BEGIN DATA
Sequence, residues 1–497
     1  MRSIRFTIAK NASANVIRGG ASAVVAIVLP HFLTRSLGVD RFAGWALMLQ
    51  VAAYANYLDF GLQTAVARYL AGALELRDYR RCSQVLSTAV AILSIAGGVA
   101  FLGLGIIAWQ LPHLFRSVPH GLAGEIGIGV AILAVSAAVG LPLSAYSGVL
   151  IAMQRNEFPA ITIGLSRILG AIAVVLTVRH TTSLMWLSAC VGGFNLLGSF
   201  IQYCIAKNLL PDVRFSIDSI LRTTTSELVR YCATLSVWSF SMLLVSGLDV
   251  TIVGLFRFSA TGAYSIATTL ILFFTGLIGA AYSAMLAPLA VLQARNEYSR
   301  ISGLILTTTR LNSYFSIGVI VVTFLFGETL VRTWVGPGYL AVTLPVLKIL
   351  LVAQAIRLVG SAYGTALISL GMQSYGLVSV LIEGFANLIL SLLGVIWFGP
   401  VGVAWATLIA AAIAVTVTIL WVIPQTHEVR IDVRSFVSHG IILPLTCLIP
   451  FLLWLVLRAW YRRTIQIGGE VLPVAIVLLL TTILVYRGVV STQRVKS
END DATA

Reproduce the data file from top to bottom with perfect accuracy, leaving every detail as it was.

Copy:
Sequence, residues 1–497
     1  MRSIRFTIAK NASANVIRGG ASAVVAIVLP HFLTRSLGVD RFAGWALMLQ
    51  VAAYANYLDF GLQTAVARYL AGALELRDYR RCSQVLSTAV AILSIAGGVA
   101  FLGLGIIAWQ LPHLFRSVPH GLAGEIGIGV AILAVSAAVG LPLSAYSGVL
   151  IAMQRNEFPA ITIGLSRILG AIAVVLTVRH TTSLMWLSAC VGGFNLLGSF
   201  IQYCIAKNLL PDVRFSIDSI LRTTTSELVR YCATLSVWSF SMLLVSGLDV
   251  TIVGLFRFSA TGAYSIATTL ILFFTGLIGA AYSAMLAPLA VLQARNEYSR
   301  ISGLILTTTR LNSYFSIGVI VVTFLFGETL VRTWVGPGYL AVTLPVLKIL
   351  LVAQAIRLVG SAYGTALISL GMQSYGLVSV LIEGFANLIL SLLGVIWFGP
   401  VGVAWATLIA AAIAVTVTIL WVIPQTHEVR IDVRSFVSHG IILPLTCLIP
   451  FLLWLVLRAW YRRTIQIGGE VLPVAIVLLL TTILVYRGVV STQRVKS